Richard Holbrooke never walked away from a global hot spot which defied easy solution -- he thrived on the hard, gritty diplomatic challenges that, to put it bluntly, either led to war or peace.
Much has been written about his diplomatic triumphs...the Dayton Accords; his imaginative skills that set the stage for normalization of relations with China; his unyielding determination to lead America safely out of the Afghanistan war.
Dick truly deserves every accolade accorded him upon his untimely death.
Not since the era of the great diplomatic "Wise Men" of the Cold War era (Acheson, Bohlen, Harriman, Kennan, Lovett and McCloy) has our nation (not to mention so many Europeans, Africans and others caught in conflicts that Dick mediated) benefited so greatly from a statesman who was a unique, one-of-a- kind diplomatic warrior like Dick.
Few diplomats of his era tasted war and conflict as Dick did. He came close all too often to losing his own life on the battlefield. He narrowly escaped injury in Bosnia; was shot at in the Congo, and risked his life every time he left the relatively secure confines of Kabul to marshal the candidates for peace that could be converted to see a better world through his sparkling blue eyes.
Knowing Dick as well as I did I am absolutely certain of one thing that above anything else is paramount to his legacy.
Nothing drove Dick harder and nothing mattered more to him day or night than the knowledge that if he succeeded in whatever diplomatic task lay before him, he would be saving lives, including the lives of Americans caught in harm's way.
The art and skill of peacemaking was, to Dick, the best way to save lives -- that is what mattered to Dick...every second, every minute, or every day that failed to yield a ceasefire meant more lives would be lost.
Just look at the other side of his considerable record of accomplishments -- his humanitarian devotion to great causes -- to appreciate why he deserves to be remembered so.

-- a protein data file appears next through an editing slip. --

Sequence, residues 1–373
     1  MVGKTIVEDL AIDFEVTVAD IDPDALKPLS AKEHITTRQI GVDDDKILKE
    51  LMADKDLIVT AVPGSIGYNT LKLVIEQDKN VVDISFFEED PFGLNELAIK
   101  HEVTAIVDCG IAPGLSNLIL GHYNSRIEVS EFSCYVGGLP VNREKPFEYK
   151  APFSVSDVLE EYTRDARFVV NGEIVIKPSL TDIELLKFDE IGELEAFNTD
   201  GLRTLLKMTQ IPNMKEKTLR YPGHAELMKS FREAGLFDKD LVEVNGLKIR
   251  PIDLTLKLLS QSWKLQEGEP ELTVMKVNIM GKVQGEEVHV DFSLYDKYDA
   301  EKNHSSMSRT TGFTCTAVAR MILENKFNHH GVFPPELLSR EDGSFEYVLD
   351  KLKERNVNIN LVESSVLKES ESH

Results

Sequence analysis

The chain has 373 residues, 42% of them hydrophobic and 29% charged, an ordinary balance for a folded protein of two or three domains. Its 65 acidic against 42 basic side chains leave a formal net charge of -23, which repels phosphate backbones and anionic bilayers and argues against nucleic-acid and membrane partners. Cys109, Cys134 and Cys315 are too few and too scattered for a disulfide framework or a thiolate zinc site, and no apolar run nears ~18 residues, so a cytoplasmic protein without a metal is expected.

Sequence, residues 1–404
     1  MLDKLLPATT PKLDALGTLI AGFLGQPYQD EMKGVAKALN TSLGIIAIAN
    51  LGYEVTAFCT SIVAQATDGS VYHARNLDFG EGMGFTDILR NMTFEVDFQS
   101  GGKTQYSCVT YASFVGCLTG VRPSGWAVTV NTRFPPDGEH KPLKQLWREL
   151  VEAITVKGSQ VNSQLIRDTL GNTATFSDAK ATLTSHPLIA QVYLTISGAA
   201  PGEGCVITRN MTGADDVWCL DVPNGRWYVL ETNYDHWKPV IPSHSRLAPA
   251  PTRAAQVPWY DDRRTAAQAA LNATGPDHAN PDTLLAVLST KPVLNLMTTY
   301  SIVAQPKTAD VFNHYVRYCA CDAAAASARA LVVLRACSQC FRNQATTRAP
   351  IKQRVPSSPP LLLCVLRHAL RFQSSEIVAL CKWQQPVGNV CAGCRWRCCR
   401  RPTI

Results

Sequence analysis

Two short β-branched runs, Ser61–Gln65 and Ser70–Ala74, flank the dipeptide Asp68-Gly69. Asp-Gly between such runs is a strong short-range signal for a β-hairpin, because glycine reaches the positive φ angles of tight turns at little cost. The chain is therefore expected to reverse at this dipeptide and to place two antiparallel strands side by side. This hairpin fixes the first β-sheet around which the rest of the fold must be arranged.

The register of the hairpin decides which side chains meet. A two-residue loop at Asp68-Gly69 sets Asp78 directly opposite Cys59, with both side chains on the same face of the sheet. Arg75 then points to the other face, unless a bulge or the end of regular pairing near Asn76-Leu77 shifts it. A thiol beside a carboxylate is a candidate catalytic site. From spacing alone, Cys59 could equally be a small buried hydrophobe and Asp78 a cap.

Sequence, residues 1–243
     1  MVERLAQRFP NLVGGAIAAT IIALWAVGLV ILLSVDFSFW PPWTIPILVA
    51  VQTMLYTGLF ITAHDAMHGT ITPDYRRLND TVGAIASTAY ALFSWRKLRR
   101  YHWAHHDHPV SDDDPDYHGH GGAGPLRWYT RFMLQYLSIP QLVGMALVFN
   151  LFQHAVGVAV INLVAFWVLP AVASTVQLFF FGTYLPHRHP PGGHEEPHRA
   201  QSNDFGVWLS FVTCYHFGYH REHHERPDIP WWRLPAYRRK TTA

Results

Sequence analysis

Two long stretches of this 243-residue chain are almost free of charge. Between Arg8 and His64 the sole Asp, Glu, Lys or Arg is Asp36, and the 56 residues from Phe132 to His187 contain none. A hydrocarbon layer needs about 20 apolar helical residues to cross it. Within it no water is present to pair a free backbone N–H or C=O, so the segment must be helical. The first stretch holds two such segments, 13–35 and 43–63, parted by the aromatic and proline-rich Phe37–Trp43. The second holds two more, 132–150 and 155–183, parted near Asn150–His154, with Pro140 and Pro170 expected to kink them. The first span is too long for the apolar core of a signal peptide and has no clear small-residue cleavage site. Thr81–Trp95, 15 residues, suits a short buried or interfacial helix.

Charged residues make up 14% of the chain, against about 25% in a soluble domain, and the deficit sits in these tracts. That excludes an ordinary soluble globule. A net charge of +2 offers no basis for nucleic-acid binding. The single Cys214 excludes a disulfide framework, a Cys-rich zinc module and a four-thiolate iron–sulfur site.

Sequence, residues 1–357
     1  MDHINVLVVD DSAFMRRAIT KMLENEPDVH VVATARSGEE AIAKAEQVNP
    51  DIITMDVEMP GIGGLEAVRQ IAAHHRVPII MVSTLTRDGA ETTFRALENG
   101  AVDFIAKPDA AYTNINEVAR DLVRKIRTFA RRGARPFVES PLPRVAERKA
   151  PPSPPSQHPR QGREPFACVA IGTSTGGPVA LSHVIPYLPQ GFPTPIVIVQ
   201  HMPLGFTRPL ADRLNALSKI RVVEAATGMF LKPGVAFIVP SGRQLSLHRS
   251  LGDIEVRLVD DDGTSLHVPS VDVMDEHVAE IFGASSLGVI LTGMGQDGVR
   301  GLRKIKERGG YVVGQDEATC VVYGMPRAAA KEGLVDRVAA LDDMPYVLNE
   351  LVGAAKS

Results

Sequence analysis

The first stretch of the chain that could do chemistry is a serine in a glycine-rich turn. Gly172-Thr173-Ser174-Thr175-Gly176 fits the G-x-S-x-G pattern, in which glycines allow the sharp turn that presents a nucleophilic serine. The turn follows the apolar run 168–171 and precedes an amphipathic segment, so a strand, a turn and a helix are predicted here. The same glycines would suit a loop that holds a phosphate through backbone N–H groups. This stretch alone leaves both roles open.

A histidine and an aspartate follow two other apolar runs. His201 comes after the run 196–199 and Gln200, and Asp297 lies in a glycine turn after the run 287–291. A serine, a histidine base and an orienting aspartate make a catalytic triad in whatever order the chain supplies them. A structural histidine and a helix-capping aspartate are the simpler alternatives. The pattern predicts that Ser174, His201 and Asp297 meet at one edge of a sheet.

You see, Dick began his government service as the U.S. Peace Corp Director in Morocco -- a fact hardly known among the many more famous achievements of his career. When I was U.S. ambassador to Morocco, Dick, his wife Kati and their children returned to Morocco to go on a sentimental journey that took him to the most inaccessible villages in the Kingdom, where he regaled his family at each place he lived with tales of the resourcefulness and skills he learned as a Peace Corp worker to help the poorest of the poor.
Later in life, following his service as America's ambassador to the United Nations, Dick could have taken a much deserved breather. Instead, he devoted his private career between 2000 and 2008 leading the Global Business Coalition to Fight HIV/AIDS, Tuberculosis and Malaria -- the most important worldwide organization of private-sector donors combating these afflictions in partnership with the United Nations and other humanitarian organizations.
His devotion to humanitarian causes took him far and wide, as a leader of the International Crisis Group and Refugees International, among just a few noble causes he embraced when not officially serving the nation.
To Dick, all that really mattered was saving lives, whether on the battlefield, in a hospital, or in a village. And if there were those who at times misunderstood why he was so driven, they need only understand that Dick deeply cared to be, first and foremost, a "diplomatic life-saver" in every sense of that phrase. I was honored to call him my friend.